Large Kneeling Statue of Hatshepsut, Granite

Large Kneeling Statue of Hatshepsut

New Kingdom
Dynasty 18
Joint reign of Hatshepsut and Thutmose III
ca. 1479–1458 B.C.
From Egypt, Upper Egypt, Thebes, Deir el-Bahri, Senenmut Quarry, MMA excavations, 1927–28
H. 295.9 cm (116 1/2 in); w. of base 81.3 cm (32 in); d. of base 145.4 cm (57 1/4 in)
shipping weight in 2006, 3175.2 kg. (7000 lbs)
Credit Line:
Rogers Fund, 1930
Accession Number:
On view at The Met Fifth Avenue in Gallery 115
In her terraced temple at Deir el-Bahri, there were at least ten over life-sized kneeling statues of Hatshepsut. She is shown as a male king wearing a kilt, a false beard, and either the white crown of Upper Egypt (as in this statue), or the nemes-headcloth (see 29.3.1 and 30.3.2). In her hands she holds round offering vessels, called nu-pots, and the inscription on the base of each statue identifies the offering she makes to the god Amun. These huge statues flanked the processional way along which Amun's image was carried toward the temple's main sanctuary during a yearly festival. The statues were probably positioned on the temple's second terrace.

This statue represents Hatshepsut wearing the white crown of Upper Egypt (the south), so it may have been placed on the southern side of the processional way. On the base, Hatshepsut is said to be offering fresh plants to Amun. On the back pillar, she is identified by her Horus name, Wosretkau, which is written in a rectangular device called a serekh. One also finds fragments of her throne name, Maatkare, and her personal name, Hatshepsut, both of which are written inside oval cartouches.

In 1930, the Museum's Egyptian Expedition found the body fragments of this statue buried in an area called the "Hatshepsut Hole." Some eighty years earlier, the head had been found and taken to Berlin by Egyptologist Richard Lepsius. The pieces of the statue were reunited in an exchange organized by Herbert Winlock, director of the Museum's excavations at Thebes. This and other exchanges were made possible by the generosity of the Egyptian Antiquities Service, which ceded many fragmentary statues to the Metropolitan Museum in the division of finds.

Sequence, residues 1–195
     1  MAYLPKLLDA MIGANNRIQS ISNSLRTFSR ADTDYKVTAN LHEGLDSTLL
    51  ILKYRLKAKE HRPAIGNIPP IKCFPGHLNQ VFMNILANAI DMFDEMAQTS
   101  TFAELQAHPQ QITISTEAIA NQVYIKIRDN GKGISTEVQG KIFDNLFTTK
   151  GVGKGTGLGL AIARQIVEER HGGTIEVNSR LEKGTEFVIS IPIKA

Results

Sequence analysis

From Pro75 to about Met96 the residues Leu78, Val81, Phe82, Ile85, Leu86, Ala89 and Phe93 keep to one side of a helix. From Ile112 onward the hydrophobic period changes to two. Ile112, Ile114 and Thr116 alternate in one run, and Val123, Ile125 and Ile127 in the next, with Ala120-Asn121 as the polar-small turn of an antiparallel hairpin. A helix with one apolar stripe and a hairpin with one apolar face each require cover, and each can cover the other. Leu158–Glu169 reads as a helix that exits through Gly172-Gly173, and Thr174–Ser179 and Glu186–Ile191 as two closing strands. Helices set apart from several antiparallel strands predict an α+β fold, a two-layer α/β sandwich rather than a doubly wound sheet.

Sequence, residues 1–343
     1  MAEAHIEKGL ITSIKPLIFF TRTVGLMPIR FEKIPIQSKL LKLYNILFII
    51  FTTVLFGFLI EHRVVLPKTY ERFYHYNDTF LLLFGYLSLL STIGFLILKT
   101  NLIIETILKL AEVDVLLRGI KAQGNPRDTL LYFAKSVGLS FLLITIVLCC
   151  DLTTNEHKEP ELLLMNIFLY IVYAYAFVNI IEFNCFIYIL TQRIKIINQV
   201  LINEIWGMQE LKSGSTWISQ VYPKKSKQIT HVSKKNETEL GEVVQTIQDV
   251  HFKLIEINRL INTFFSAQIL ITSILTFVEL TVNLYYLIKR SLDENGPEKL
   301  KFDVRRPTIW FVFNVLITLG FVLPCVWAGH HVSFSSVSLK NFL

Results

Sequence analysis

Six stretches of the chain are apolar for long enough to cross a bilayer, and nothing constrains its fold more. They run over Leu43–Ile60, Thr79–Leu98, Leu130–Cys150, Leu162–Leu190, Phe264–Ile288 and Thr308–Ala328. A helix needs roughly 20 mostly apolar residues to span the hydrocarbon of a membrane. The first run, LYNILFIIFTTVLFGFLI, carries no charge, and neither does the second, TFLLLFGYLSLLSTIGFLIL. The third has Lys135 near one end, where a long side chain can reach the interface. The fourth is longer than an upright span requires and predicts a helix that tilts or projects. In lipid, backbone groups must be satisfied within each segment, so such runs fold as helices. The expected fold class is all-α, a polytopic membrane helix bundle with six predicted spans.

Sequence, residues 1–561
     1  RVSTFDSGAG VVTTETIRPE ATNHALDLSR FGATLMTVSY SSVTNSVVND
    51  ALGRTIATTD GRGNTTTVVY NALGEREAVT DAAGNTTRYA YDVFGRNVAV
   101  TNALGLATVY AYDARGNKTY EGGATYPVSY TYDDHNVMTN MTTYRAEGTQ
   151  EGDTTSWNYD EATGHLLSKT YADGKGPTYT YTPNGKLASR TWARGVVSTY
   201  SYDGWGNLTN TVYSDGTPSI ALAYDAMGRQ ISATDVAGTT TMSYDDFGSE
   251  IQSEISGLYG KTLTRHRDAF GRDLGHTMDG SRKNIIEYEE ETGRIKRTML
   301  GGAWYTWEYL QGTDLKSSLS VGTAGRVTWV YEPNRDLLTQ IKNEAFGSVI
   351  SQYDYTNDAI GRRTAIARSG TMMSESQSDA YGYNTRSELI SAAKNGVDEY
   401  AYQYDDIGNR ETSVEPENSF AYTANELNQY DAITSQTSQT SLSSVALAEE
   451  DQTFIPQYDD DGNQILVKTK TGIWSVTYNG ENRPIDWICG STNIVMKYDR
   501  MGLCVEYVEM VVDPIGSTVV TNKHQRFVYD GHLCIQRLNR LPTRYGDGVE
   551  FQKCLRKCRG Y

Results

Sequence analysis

Head: Discovered at Deir el-Bahri by Karl Richard Lepsius and taken to Berlin in 1845 (Berlin Museum, no. 2279), acquired by the Metropolitan Museum in 1930 by exchange. Body: excavated by the Metropolitan Museum in 1927-28. Acquired in the division of finds, 1930.

Winlock, Herbert E. 1937. Egyptian Statues and Statuettes. New York, fig. 9.

Hayes, William C. 1959. Scepter of Egypt II: A Background for the Study of the Egyptian Antiquities in the Metropolitan Museum of Art: The Hyksos Period and the New Kingdom (1675-1080 B.C.). Cambridge, Mass.: The Metropolitan Museum of Art, p. 96, fig. 53.

Aldred, Cyril 1980. Egyptian Art in the Days of the Pharaohs, 3100-320 BC, World of Art, New York: Oxford University Press, p. 154, no. 113.